Week Twelve Waiver Wire
As a reminder, I play in 27 to 30-man roster leagues, so the players I list here are for deep leagues only. If you play in shallower leagues, there are certainly better players than these to pick up off the waiver wire, but if you're in deep dynasty leagues, these are the players I would make bids on this week. I list them in the order that I would prioritize them.
Strangely, this late in the season, there are a couple of guys I'm very interested in adding this week, even from a dynasty perspective.
- This week, Reynolds was second on the team in snaps after leading the teams in snaps last week after the Lions claimed him off waivers two weeks ago. He got deep for a touchdown pass on Thursday and impacted the team for the first time. I've always believed in Reynolds and had him on the back of most of my rosters. I only cut him this year after he couldn't earn a role in the Tennessee offense even while Julio Jones was out injured. He could very well be the best outside wide receiver in Detroit already. He's the first guy I'd attempt to add in leagues where I did not already add him when Detroit signed him.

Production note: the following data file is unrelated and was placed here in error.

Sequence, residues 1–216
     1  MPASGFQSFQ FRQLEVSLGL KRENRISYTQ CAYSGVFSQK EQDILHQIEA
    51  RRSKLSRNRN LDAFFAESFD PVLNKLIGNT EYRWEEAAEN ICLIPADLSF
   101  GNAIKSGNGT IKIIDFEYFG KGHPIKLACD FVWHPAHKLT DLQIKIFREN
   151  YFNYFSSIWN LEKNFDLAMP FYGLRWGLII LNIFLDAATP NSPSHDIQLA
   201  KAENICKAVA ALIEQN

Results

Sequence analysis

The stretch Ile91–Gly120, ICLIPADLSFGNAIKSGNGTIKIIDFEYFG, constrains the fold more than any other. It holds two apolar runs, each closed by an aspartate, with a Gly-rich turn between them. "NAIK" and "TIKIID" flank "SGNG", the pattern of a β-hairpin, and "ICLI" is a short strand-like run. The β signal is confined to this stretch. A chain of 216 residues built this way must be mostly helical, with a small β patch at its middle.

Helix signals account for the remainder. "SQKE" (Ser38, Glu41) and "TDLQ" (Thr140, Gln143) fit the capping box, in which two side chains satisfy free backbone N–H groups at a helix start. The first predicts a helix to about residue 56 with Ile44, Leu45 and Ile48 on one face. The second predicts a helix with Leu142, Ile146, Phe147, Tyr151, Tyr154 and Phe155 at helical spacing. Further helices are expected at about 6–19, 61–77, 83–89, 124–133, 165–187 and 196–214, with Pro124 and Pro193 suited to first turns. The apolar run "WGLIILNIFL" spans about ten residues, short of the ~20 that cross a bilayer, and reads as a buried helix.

- Brevin Jordan was very active in the Texans lineup this last week, and he scored another touchdown. He's scored a touchdown in two of the four games he played this season and looked to be a player the Texans can build around in their rebuilding process. He was the consensus third-best rookie tight end in this class behind Kyle Pitts and Pat Freiermuth. He just did not get to play until week eight of the season. His breakout is coming like Pitts' and Freiermuth's have. He's a perfect guy to hold at the back of your roster.
- In the last three weeks, Doyle has significantly out-snapped and out-targeted Mo Alie-Cox and Kylen Granson. He's the best tight end on to roster on the Colts. Their opponent on Sunday, the Buccaneers, has been one of the worst defenses in the league against tight ends, so his 17-point fantasy day should be tempered with caution. I'd much prefer Brevin Jordan as a true dynasty asset, but I'd consider adding Doyle in some leagues this week, too, since the tight end situation in Indianapolis is clearing up.